EU to widen access to green information

Directive proposal to correct "shortcomings" in 1990 law by creating right to information

The ability of private citizens in the EU to demand environmental information from public authorities will be increased under a draft directive proposed by the European Commission today. Under the proposals, an EU right to environmental information will be created. In addition, the number of public bodies liable to provide information will be increased and the scope for refusing requests narrowed.

The new proposal has been put forward to remove "shortcomings" in the EU's 1990 directive on access to environmental information. It springs from one of environment commissioner Margot Wallström's fundamental beliefs - that better public information is a key to better enforcement of EU environmental laws.

The major change being proposed from existing rules is a move from mere "freedom" of information, as set out in the 1990 law, to a legally stronger "right" to information. If adopted by governments and the European Parliament, this will allow the EU to ratify the UN Århus convention on public access to information, participation and justice in environmental affairs. The convention was signed two years ago (ENDS Daily 25 June 1998) and the second post-signature conference of parties is currently being held in Croatia.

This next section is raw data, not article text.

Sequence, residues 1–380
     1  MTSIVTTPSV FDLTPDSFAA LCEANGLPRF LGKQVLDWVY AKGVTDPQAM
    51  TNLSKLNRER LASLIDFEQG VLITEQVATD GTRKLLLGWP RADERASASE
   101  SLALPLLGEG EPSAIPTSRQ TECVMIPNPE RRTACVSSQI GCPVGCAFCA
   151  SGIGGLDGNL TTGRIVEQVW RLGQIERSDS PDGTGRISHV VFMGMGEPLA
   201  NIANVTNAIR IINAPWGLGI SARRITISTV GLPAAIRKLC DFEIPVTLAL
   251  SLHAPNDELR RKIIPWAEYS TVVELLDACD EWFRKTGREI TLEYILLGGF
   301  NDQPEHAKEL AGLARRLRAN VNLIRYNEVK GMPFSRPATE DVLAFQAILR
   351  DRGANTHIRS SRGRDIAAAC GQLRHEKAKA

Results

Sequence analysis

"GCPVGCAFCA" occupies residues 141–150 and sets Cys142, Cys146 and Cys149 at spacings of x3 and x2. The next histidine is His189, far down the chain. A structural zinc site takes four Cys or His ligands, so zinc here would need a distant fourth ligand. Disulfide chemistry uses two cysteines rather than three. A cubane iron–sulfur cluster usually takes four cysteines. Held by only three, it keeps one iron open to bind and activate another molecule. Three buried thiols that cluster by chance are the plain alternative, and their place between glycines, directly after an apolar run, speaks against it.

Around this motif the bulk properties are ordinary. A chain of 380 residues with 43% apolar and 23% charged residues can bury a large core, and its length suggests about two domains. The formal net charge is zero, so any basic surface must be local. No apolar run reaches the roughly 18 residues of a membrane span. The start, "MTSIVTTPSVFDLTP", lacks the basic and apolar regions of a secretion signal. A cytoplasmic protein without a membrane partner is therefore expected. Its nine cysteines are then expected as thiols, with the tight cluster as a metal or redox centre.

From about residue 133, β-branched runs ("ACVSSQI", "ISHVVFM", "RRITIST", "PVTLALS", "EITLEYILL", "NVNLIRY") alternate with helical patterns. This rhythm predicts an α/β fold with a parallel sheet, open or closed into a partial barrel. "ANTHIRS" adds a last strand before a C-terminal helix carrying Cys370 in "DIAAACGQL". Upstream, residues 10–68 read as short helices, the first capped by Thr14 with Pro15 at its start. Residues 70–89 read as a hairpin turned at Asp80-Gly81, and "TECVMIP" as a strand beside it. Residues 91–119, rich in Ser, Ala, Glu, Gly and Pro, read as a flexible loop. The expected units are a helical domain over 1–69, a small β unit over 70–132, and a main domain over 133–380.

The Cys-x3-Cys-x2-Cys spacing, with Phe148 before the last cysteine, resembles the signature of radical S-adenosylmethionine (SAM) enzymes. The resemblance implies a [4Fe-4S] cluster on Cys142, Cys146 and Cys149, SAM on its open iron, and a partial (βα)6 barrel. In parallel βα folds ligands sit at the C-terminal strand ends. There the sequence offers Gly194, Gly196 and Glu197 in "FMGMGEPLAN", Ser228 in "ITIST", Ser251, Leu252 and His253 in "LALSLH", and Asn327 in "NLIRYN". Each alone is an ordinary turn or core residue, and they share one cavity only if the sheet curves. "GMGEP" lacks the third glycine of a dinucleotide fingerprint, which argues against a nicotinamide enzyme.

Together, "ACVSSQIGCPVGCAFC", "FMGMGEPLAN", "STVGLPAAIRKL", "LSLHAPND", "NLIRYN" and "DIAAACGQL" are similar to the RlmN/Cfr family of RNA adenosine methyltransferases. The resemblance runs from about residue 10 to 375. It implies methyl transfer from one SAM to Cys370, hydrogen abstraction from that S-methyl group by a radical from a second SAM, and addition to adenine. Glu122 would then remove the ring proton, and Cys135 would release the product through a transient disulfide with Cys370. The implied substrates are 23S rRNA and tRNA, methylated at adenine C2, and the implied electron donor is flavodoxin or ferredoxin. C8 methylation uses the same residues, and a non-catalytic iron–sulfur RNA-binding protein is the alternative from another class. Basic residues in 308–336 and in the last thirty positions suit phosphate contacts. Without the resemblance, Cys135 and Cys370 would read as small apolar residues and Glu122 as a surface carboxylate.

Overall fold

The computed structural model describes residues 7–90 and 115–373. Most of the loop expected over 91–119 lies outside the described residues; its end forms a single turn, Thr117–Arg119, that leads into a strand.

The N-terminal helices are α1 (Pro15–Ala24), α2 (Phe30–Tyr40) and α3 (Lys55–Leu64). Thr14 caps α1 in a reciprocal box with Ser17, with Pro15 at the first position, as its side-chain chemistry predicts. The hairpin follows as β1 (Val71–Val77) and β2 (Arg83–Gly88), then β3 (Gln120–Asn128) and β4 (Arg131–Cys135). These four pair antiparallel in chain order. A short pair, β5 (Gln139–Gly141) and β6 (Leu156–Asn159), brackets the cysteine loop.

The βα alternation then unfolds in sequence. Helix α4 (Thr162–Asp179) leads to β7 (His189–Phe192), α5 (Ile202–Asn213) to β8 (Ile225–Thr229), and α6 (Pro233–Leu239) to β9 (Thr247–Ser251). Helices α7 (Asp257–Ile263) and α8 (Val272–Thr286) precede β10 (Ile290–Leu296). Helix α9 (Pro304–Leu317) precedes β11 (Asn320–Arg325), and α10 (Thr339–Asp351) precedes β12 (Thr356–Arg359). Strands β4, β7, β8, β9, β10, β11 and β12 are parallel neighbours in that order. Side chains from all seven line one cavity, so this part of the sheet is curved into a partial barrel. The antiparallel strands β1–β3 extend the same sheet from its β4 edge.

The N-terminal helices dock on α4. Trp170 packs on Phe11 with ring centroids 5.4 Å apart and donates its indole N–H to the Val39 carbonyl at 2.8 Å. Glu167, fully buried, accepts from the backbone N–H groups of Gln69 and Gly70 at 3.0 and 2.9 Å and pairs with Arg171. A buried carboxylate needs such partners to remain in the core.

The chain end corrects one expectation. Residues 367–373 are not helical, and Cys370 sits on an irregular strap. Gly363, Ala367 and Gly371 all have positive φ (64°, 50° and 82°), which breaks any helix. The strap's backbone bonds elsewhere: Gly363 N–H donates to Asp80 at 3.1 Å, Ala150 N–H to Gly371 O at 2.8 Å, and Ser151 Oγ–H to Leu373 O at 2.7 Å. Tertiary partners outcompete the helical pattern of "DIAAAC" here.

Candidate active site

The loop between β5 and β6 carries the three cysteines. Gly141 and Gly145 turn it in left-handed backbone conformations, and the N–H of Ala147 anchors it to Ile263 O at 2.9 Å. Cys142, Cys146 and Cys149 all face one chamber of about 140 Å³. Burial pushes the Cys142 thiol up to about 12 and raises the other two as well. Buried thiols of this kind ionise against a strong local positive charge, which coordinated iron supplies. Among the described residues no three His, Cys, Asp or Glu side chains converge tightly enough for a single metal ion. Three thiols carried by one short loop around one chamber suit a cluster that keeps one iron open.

The Commission also proposes extending the disclosure rules to all public authorities that "directly or indirectly" affect the environment, such as transport and energy agencies. In some member states these bodies have been exempt from the law. The requirement will also be imposed on private utilities, such as energy providers, if they "carry out similar services to public authorities."

Authorities will have reduced scope for refusing information. As under current law, this will be allowed if disclosure involves the confidentiality of public authority proceedings, "legitimate" private economic interests, and public security or national defence. However, they will now have to show that disclosure has an "adverse effect" on these to justify refusal.

The Commission says the existing disclosure exemption rules has led to many abuses. Under the new directive, authorities will now have to weigh the public benefits of disclosure and non-disclosure and provide information if the public interest comes out stronger. Citizens will have the right to administrative and judicial review of decisions.

The directive will oblige member states to provide much more "active information" on "policies, plans and programmes" via the internet, and introduce regular "state of the environment" reports. The Commission is also proposing that authorities should reply to all information requests within one month. Although member states will still decide whether to charge for processing requests, the Commission says payment should not be required before the information is provided.

Follow Up:
European Commission, tel: +32 2 299 1111. See also Commission press release IP/00/699 on Rapid. The text of the proposal and a report on the implementation of the 1990 directive will soon be published here.

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